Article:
There have been disputes as to whether Digital Rights Management(DRM) does violate competition law. By using a DRM, the company can tie the playback of certain digital files to its own IT device. The problem arises when the company has a dominant market position, because it entails an argument from competitors that the company has abused its dominant market position to distort a free competition at the market.
In November last year, the Supreme Court of Korea firstly issued a ruling addressing this issue. The case dates back to 2006, when Fair Trade Commission(FTC) of South Korea ordered SK Telecom, the largest mobile carrier company and music download service provider, to lift up a DRM which had prevented the purchasers of MP3 mobile phone of SK Telecom from playing MP3 files downloaded from other online music store that SK Telecom does not operate. SK Telecom had appealed the FTC’s decision to the court.
At the heart of this lawsuit lies the issue of whether SK Telecom’s use of DRM does constitute an abuse of its dominant market position under Korean Competition law. In this regard, the Monopoly Regulation and Fair Trade Act(MRFTA) of Korea provides that any market dominant enterpriser shall not commit an act of either (i) unreasonably interfering with the business activities of other enterprisers or (ii) unreasonably doing considerable harm to the interests of consumers. The FTC found SK Telecom’s using a DRM fell under this two anti-competitive acts.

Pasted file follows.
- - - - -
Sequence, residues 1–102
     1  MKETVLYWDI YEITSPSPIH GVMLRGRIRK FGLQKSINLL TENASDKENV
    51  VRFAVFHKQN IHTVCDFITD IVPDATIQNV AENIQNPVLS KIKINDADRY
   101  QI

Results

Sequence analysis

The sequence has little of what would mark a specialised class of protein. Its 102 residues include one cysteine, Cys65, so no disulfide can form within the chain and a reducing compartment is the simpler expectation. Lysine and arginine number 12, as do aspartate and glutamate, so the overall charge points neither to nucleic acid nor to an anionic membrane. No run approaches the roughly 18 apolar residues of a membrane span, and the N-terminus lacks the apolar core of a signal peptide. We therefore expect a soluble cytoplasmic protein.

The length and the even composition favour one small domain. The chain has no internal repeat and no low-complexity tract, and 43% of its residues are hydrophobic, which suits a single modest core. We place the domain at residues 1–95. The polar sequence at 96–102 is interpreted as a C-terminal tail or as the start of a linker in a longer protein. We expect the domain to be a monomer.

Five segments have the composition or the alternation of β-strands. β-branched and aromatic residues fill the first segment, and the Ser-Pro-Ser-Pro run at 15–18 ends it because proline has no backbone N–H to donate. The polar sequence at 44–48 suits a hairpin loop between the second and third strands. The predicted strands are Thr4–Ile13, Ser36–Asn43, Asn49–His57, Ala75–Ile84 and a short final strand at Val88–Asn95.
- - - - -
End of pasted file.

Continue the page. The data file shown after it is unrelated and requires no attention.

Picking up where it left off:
The Supreme Court of Korea, however, held a different view from the FTC. The Supreme Court pointed out SK Telecom’s use of DRM can be regarded as a justifiable measure for its copyright protection. Therefore, the court ruled even though SK Telecom’s DRM interferes with other competitor’s online music download business, there is nothing unreasonable under the MRFTA. Also the Supreme Court held that as there exists no legal obligation for music download service providers to standardize their DRMs, the inconveniences experienced by the consumers due to incompatible DRMs can not be deemed as unreasonable or considerable harm to the interests of consumers. In conclusion, the Supreme Court ruled that the court found no unfairness nor unreasonableness in SK Telecom’s DRM scheme, which means SK Telecom had no intent or objective of maintaining or reinforcing monopolistic status at the market, i.e., influencing a market artificially by restricting a free competition at the market, therefore FTC had erred in its decision that SK Telecom’s use of DRM violated the MRFTA provision on the abuse of dominant market position.
If you have any question related to this article or any other Korean legal issues, please send your inquiry email to Mr. Wonil Chung by clicking here.
© 2012 Wonil Chung, a Korean Licensed Lawyer at Chung & Partners. All rights reserved.
Because of the generality of this update, the information provided herein, which may or may not reflect the most current legal development, may not be applicable in all situations and should not be acted upon without specific legal advice based on particular situations.